Basically my additions cause the boxes to spawn from the center of the JFrame and scale in size as they move outwards toward the boundaries of the JFrame. My initiale thinking was to make it look as if you were traveling through a field of boxes in space. There's more configuration needed to fully achieve that effect but I started loosing intrest. Interesting enough for a short play though.

Spoiler


Spoiler

This is cool! Nice Job! I know what you mean about only being able to work on something like this for so long, though.
I have a thought: In order to get a better distribution of random directions the boxes move in, how about just maintaining two variables (xIncrement and yIncrement) and randomly assign each box with a value for each in the range of something like -5 to +5 (or whatever). So box "a" moves -5 in the x-axis and +3 in the y-axis every cycle, while box "b" moves +1 in the x-axis and +2 in the y-axis every cycle, and so on and so forth. Then, of course, as they keep moving, update their size according to their distance from their origin (I believe there is a method that calculates the distance between two Points in the Point class or somewhere...)
Was This Post Helpful? 1
  • +
  • -

#6 shintetsu_80  Icon User is offline

  • D.I.C Head

Reputation: 31
  • View blog
  • Posts: 105
  • Joined: 01-July 08

Re: Java Graphics Challenge [ 1 ]

Posted 22 February 2011 - 05:38 PM

View Postjumptrooper, on 22 February 2011 - 05:09 PM, said:

View Postshintetsu_80, on 22 February 2011 - 03:03 PM, said:

Since I'm fairly new to Java I thought I'd have a play with this. I added a little bit of linear velocity and scaling to the boxes. I also renamed my classes to be more descriptive of what it's doing.

Basically my additions cause the boxes to spawn from the center of the JFrame and scale in size as they move outwards toward the boundaries of the JFrame. My initiale thinking was to make it look as if you were traveling through a field of boxes in space. There's more configuration needed to fully achieve that effect but I started loosing intrest. Interesting enough for a short play though.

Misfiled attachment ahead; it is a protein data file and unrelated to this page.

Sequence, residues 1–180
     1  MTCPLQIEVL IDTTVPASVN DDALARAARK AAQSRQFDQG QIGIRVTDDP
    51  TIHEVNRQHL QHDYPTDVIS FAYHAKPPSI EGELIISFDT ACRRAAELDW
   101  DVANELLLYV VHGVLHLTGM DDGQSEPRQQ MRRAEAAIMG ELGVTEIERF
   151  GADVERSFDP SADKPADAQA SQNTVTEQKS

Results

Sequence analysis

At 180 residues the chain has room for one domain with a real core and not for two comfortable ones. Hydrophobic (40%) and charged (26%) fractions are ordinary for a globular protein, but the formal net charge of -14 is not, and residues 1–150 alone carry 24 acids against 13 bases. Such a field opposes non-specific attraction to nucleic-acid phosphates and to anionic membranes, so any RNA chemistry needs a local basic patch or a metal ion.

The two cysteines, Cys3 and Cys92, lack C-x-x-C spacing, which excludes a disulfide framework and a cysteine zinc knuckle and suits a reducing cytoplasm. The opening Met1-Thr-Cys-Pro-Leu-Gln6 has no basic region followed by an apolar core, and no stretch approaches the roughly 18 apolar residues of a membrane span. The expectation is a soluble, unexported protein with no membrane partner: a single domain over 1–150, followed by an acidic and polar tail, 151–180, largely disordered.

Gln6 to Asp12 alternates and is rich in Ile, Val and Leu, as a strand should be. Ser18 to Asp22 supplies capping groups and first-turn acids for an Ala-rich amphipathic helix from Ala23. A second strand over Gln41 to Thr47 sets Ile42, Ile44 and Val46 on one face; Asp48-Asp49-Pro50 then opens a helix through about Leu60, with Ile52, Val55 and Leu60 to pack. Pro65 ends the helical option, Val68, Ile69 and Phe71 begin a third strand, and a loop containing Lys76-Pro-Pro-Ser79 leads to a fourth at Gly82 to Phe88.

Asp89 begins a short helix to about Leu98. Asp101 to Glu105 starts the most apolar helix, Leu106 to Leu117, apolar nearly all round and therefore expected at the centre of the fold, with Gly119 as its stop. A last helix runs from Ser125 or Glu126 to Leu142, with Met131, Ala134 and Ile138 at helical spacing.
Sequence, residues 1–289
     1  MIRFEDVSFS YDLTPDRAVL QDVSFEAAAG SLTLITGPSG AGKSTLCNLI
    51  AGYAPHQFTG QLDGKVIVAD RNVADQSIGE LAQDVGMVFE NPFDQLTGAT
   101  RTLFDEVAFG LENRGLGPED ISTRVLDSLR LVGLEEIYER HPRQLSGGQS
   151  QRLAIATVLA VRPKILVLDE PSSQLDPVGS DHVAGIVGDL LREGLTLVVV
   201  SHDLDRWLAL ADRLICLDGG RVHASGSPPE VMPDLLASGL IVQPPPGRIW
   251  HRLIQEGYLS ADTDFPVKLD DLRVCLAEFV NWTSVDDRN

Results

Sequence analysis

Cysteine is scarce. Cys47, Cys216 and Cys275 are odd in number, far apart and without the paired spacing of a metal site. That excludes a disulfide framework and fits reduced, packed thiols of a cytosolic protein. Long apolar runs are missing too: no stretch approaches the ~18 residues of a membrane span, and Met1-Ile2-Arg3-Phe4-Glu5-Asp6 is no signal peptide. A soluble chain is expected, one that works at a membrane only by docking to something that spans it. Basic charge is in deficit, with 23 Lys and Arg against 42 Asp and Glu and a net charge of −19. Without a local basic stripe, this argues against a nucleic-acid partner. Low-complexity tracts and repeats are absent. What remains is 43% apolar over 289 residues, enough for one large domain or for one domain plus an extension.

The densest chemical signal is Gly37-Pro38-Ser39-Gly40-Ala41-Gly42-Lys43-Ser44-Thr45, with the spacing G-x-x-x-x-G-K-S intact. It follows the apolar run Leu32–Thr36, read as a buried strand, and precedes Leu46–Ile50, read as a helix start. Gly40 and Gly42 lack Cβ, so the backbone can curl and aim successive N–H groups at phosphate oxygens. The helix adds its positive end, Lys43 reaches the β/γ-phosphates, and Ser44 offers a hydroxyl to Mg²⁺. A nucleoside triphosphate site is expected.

Spoiler


Spoiler

This is cool! Nice Job! I know what you mean about only being able to work on something like this for so long, though.
I have a thought: In order to get a better distribution of random directions the boxes move in, how about just maintaining two variables (xIncrement and yIncrement) and randomly assign each box with a value for each in the range of something like -5 to +5 (or whatever). So box "a" moves -5 in the x-axis and +3 in the y-axis every cycle, while box "b" moves +1 in the x-axis and +2 in the y-axis every cycle, and so on and so forth. Then, of course, as they keep moving, update their size according to their distance from their origin (I believe there is a method that calculates the distance between two Points in the Point class or somewhere...)



I noticed the distribution was lacking. I know in C++ you can get not so random numbers from your rand function and I figured I was seeing the same thing here. After looking at some code I have for particle emitters I might have clipped it myself. I'll have a look at this a little later.